Tuesday, June 25

Women abducted and gang raped by ISIS receive human rights award in emotional ceremony



Two Yazidi women who were brutally gang raped by ISIS and kept as sex slaves have received an award in recognition of their bravery.

Nadia Murad and Lamiya Aji Bashar were among thousands of women and girls abducted, tortured and sexually abused by Islamic State fighters in Iraq in 2014.

The Yazidi are a small, religious sect whose beliefs combine elements of several ancient Middle Eastern religions.

Islamic State considers them devil-worshippers.

Today, the European Parliament held a ceremony a month after it awarded its Sakharov Prize for freedom of thought to Nadia and Lamiya.

Islamic State insurgents overran Sinjar in August 2014, systematically killing, capturing and enslaving thousands of Yazidi inhabitants

Murad, now aged 23, was held by IS in Mosul but escaped her captors in November 2014, reached a refugee camp and eventually made her way to Germany.

Speaking at Cairo University in Egypt, she told students: “When Daesh entered my village, they killed children, the old and young men.

“The next day, they killed the old women and led the young girls, including me, to Mosul.

“In Mosul, I saw thousands of Yazidi women where they were distributed to their slave masters.

“There I saw a huge Daeshi, who wanted to take me.

“I implored to another man to take me instead when I saw he was smaller.

“But he turned out later to be one of the worst people I’ve ever seen.

“The Daesh used to force me and other captives to pray and then rape us.

“We were not worth the value of animals. They raped girls in groups. They did what a mind could not imagine.

“In their so-called Sharia [Islamic law] courts, they had our names and phone numbers of our slave masters.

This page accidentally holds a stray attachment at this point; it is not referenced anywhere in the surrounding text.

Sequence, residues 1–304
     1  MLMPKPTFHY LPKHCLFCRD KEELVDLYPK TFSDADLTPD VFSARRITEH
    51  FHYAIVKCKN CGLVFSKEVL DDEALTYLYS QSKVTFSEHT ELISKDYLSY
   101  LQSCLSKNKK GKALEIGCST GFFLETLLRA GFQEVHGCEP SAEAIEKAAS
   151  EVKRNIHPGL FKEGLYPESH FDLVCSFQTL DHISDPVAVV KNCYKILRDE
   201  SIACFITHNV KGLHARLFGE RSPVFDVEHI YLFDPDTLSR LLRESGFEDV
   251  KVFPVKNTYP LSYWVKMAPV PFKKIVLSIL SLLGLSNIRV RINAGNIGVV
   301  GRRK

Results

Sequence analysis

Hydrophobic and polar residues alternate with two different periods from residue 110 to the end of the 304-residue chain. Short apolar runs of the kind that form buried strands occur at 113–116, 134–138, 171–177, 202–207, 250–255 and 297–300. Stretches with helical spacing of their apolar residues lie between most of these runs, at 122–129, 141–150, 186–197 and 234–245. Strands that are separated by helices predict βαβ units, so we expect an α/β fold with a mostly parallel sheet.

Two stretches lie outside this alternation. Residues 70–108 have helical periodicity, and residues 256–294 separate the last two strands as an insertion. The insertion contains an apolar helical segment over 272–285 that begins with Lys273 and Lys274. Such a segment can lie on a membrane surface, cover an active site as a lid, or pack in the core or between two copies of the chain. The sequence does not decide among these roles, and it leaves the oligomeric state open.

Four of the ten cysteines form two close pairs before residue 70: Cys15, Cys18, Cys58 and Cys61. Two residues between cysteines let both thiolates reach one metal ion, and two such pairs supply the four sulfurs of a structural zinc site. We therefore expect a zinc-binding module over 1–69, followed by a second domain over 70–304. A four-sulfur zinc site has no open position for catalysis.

“They would call us whenever they wanted to spend time with us and sell us.”

The brave victim eventually managed to escape her so-called “owner”.

She added: “I am the victim of terrorism disguised under the cloak of Islam. All these crimes are committed in the name of Islam.

“I’ve come to the Muslim world to complain and demand an Arab and Islamic stance against Daesh .

“No religion accepts enslaving women and raping children.

“We have the right to demand a united global stance because we share others values of humanity.”

Murad has since become active as an advocate for the Yazidis, refugees and women’s rights in general, as well as campaigning against human trafficking.

She has briefed the U.N. Security Council on the problem of human trafficking and last month launched “Nadia’s Initiative” to help victims of genocide.

She has called for the massacre of Yazidis to be recognised as genocide.

Bashar, 18, was captured in the same raid as Murad and also kept as a sex slave by IS.

She escaped in March but was badly disfigured and blinded in one eye when a landmine went off as she fled. Two companions were killed.

“The Sakharov prize gives me great strength and this is why I have taken a decision to become a voice for the voiceless.

“The Yazidis have been victims of extremism, of violence and terrorism.

“They have lost their lives but I very much ask you and urge you to promise me, to promise us that never again will you allow these kinds of things to happen, that you will listen to us and see that justice will be done so that the criminals will be brought to justice and held accountable,” Bashar told the European Parliament

She now lives in Germany, where she has undergone treatment for her wounds, and works as an advocate for the Yazidis.

“The two women who sit up here, Lamiya Aji Bashar and Nadia Murad, are heroines. They have suffered unspeakable atrocities, survived captivity, and they have fled and found exile.

They have overcome fear and suffering and finally found refuge and protection with us here in Europe,” European Parliament president Martin Schulz told the European Parliament in his address.

Mass Yazidi graves have been uncovered in the area north of Sinjar mountain, which was taken from IS in Dec. 2014

Kurdish forces retook Sinjar town in November 2014 in a two-day offensive backed by air strikes from a U.S.-led coalition.

The Sakharov Prize for Freedom of Thought, named after the late Russian dissident and scientist Andrei Sakharov is awarded each year by the European Parliament.

Set up in 1988, it honours individuals and organisations defending human rights and basic freedoms.